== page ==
Q. How do you create a welcoming learning environment?

Samuel Ng: “I deploy and embrace vulnerability. I talk to my students—both in and outside the classroom—about my own intellectual journey and identity. I talk about how I never had a teacher who looked like me, how I have always felt like an outsider within the academy, and how my search for home and persistent questions surrounding my identity ultimately brought me into Black studies. I stress that mistakes and missteps are not only acceptable, but critical for learning. In this way, I view the classroom as a place of play and practice. Students bring a variety of enriching experiences into the classroom but are also on common ground as they engage the material and play together.”

Candice Price: “One thing I have learned is that I have no idea what it is like to be a student at this moment in time. But I don’t need to know exactly what my students’ lives are like in order to trust them and show them grace. I try to make Day One a day where we don’t necessarily focus on content, or go over the syllabus, but a day where we get to know each other. My thought process is always one of, ‘I do. We do. You do’—where we discuss what I will do to support them, what we will do to support each other, and what they will do to support themselves. I believe this helps set the stage for a collaborative and supportive environment.”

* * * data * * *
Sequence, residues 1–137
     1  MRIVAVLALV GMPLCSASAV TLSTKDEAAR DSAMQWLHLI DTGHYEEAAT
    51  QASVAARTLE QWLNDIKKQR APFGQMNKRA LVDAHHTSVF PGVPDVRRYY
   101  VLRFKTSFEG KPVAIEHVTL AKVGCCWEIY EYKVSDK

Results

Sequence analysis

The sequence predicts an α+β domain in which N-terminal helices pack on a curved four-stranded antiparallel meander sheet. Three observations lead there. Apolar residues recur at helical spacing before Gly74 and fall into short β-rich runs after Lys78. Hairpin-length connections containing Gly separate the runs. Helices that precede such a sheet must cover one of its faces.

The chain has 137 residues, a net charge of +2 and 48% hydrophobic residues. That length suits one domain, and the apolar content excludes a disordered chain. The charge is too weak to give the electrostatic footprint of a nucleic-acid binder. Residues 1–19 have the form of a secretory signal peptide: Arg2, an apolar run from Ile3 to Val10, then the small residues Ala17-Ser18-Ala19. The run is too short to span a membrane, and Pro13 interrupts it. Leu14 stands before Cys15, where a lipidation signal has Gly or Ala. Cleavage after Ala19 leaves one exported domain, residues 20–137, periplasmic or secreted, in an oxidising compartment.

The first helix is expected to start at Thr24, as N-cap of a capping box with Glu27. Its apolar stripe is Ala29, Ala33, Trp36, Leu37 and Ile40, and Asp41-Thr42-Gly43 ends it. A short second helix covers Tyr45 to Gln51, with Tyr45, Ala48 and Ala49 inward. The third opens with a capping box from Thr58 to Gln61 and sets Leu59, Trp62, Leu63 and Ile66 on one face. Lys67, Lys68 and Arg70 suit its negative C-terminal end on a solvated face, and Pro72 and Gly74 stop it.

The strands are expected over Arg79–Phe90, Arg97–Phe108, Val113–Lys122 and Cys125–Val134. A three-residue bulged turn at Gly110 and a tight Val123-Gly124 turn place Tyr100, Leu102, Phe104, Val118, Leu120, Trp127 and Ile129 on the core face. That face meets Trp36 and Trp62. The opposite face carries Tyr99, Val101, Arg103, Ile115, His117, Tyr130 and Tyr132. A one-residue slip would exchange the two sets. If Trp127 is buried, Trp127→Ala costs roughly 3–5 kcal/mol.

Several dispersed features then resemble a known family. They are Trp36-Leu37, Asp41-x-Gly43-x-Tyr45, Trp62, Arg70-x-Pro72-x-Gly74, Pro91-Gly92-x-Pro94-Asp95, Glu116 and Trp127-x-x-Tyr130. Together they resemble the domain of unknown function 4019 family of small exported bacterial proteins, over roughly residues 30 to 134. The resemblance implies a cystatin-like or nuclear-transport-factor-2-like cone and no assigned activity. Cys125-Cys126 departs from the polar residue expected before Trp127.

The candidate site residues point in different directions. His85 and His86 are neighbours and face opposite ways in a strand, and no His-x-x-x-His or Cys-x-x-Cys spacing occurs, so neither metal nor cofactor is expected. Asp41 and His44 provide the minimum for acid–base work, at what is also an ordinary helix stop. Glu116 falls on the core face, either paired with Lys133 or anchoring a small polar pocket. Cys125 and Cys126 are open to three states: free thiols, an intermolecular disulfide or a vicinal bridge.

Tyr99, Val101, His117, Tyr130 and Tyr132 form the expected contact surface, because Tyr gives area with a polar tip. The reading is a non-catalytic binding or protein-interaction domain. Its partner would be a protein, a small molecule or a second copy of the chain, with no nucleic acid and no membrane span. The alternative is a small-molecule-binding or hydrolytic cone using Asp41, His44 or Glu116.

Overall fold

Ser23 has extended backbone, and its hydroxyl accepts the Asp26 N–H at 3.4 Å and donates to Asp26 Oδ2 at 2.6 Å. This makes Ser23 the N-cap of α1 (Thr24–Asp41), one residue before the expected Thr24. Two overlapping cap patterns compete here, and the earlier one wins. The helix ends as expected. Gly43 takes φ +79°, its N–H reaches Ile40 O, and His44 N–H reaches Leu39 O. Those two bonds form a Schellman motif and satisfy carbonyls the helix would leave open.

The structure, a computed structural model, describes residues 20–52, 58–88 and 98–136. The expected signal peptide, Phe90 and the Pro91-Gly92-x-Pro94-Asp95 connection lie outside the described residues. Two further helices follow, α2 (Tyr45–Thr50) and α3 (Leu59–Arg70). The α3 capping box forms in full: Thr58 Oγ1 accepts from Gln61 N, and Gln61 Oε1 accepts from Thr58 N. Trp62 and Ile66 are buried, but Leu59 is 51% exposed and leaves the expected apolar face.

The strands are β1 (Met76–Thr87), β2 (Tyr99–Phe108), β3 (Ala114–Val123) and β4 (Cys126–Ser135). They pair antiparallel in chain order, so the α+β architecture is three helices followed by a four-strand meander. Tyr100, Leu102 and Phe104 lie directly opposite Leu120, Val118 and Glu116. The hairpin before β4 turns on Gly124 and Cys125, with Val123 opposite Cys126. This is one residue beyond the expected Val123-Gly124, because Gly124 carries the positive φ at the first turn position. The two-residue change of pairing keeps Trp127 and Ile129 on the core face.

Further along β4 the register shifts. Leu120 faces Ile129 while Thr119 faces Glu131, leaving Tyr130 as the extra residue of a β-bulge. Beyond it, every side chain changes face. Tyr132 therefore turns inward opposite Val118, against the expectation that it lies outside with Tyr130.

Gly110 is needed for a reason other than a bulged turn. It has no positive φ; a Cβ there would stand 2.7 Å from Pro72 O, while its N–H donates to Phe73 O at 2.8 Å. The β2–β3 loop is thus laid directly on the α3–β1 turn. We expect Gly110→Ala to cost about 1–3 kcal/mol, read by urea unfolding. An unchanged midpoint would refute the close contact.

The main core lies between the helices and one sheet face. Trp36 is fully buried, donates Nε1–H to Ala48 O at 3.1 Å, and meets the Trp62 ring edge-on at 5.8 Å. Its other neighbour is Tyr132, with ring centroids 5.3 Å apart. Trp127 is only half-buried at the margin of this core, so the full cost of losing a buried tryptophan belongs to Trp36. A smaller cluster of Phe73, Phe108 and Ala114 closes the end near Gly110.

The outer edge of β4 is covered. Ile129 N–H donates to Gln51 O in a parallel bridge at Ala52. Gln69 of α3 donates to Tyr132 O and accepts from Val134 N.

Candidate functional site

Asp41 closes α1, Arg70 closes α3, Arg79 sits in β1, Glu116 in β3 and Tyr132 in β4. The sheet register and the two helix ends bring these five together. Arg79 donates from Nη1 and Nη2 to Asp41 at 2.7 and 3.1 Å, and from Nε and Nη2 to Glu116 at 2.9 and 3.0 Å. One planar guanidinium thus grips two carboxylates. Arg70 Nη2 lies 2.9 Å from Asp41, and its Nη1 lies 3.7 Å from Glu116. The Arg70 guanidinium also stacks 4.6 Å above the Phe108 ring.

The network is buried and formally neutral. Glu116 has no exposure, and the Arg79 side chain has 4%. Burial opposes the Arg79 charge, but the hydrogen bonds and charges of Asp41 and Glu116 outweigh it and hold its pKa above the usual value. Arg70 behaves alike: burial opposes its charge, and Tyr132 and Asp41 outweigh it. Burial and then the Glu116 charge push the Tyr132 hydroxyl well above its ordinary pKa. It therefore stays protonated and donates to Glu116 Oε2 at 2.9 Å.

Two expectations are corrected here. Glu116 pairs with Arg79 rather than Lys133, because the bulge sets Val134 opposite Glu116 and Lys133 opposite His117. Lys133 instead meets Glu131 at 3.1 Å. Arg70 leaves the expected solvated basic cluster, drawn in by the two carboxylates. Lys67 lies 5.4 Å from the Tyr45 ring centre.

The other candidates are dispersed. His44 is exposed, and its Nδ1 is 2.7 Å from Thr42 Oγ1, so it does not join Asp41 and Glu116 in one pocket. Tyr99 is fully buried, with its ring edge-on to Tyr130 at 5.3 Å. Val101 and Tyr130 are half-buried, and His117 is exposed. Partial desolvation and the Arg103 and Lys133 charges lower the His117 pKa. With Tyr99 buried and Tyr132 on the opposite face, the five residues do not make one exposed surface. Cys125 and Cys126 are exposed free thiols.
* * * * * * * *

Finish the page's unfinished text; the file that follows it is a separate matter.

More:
Q. What is something you have learned from your Smith students?

Jeffrey Ahlman: “My students taught me how to learn. Somehow, I made it through my undergraduate and graduate career with only a limited sense of what that meant. Even though I probably wouldn’t have admitted it, I largely saw learning as a rote process—a sense of box checking. However, I learned quickly that I couldn’t get away with that in the classroom. As a result, each time I entered the classroom became an opportunity—an opportunity to learn, make mistakes, and slowly become more comfortable with the inherent fallibility of teaching.”